There are a lot of new players jumping into Rocket League for the first time in Season 3. The Epic Games acquisition has helped the franchise to grow and attract new gamers in 2021. These beginners have a lot to learn before they will be able to climb their way up the ranks. Rocket League is one of the most mechanically demanding games on the market, and it will take a lot of time to develop the skills necessary to be a good player.
However, understanding the mechanics is not all new gamers need to become competent players. Specifically, there are a number of rules that nearly every player follows. Knowing these rules will help inexperienced gamers get more wins and be better teammates.
Updated on September 17, 2021 by Payton Lott: Players that are grinding to reach higher divisions know that there are hundreds of Rocket League rules that are only discovered by logging dozens of hours on the game. As players move from platinum to diamond, and eventually to champ, following these rules and strategies is crucial. Unless people are playing 1v1, coordination and rotation will determine wins and losses. This updated guide includes several more unwritten rules of Rocket League for gamers attempting to climb the ranks.
Of course, the list has to begin with Rule Number One in Rocket League. This is already a quite comprehensive list, but there are still a few other tips that did not make the cut in the original writing, so a few more have been added. Every player should abide by these additional rules to have success in ranked play.
20 Rule Number 1: Never break a lock
One of the most widely accepted rules in Rocket League is that a player should never break a lock. A lock occurs when two players drive at each other, causing the cars to get stuck or “locked” together. There is no official rule on this, but the community strictly abides by it. Some teams will even own goal if their squad mate breaks a lock. People take it seriously.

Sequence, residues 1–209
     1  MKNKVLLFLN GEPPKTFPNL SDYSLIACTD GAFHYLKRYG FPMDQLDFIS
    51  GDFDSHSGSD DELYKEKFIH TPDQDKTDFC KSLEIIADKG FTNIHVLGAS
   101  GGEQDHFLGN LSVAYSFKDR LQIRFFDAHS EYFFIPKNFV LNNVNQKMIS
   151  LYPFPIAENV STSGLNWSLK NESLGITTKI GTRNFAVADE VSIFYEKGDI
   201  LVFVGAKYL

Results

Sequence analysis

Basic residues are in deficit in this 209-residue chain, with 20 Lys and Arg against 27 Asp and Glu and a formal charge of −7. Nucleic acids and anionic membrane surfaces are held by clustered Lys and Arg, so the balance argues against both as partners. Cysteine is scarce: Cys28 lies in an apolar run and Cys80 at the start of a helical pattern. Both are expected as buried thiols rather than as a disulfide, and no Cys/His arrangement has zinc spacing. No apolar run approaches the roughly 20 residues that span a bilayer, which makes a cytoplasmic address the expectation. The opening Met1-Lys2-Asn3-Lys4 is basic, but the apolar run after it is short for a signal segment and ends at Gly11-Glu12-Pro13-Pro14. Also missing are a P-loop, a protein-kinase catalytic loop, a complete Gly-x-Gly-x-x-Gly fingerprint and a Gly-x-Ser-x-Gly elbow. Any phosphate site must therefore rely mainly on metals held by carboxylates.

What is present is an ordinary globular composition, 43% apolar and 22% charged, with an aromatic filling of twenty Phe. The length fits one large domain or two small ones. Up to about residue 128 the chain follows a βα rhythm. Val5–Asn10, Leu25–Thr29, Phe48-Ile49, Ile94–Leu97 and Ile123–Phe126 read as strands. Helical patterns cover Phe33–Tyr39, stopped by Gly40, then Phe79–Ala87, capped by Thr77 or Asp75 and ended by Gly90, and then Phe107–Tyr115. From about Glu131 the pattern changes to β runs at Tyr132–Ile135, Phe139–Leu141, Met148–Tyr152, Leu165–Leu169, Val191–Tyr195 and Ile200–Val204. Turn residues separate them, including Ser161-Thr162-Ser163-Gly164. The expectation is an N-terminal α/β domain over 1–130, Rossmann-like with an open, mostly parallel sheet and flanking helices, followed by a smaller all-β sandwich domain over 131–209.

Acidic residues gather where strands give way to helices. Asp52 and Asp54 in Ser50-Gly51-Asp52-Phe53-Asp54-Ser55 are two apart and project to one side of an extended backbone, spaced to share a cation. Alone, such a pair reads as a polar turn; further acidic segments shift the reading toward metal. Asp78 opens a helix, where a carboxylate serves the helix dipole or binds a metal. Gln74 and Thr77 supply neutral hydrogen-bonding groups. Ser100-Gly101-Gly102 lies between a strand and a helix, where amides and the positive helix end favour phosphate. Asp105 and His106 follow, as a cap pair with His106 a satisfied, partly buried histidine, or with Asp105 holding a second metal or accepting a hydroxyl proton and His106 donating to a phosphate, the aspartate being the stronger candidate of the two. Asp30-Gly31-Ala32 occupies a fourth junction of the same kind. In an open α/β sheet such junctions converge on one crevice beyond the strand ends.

It is acceptable for the lock to break organically; for example, if the run of play causes another car to hit the locked players. However, there is some debate about whether a teammate can break up the lock or not. Make sure to move the right thumbstick to avoid getting kicked, as locks can last for a few minutes.
Faking is one of the most common terms players will use in chat. It can mean one of two things. The first is a calculated attempt to make an opponent bite before hitting the ball. This can also encompass feigns before teammates hit a ball.
The second meaning is that the player completely missed the ball and is acknowledging the mistake to the team. A player saying that they are faking is more of a joke indicating that an egregious mistake was made.
18 Double Committing
An unnecessary double commit is one of the Cardinal sins of Rocket League. It is even worse if the person committing is the last line of defense. To communicate with teammates, players will often say “That’s a double.” This means that two of the three players have committed and there is only one to beat.
Consistently double commit, and the forfeit votes will come in relatively quickly. Double committing happens all the time in the higher ranks when a ball is hovering above the net. If two players go up for one ball, the result is usually a free goal for the opponent.
17 Believing An Opponent
As gamers climb the ranks in Rocket League, they will need to gauge the skill of the competition. Will a Diamond I pull off a ceiling shot to Musty flick? Probably not. Can a champ air dribble into the top corner? Definitely. People will often say “I don’t believe” when an opponent goes up for an aerial. The person who “doesn’t believe” will stay down and wait for the ball to collect it.
The gray area of skill is somewhere between Diamond II and Champ II. A lot of players have mechanical skill, but do not know how to play as a team. Likewise, there are some very intelligent players that can make it to high Champ without the need for fancy mechanics.
16 Stealing Boost And Bumping
It should be a ritual for every player to steal the opponent’s boost after making a pass or attacking on an opponent’s half. In tight matches, lack of boost often determines the outcome of the game. Keeping constant pressure is only effective if the opposing team is “starved,” or low on boost. Eventually, the defending team will not have the boost necessary to save shots near the top post.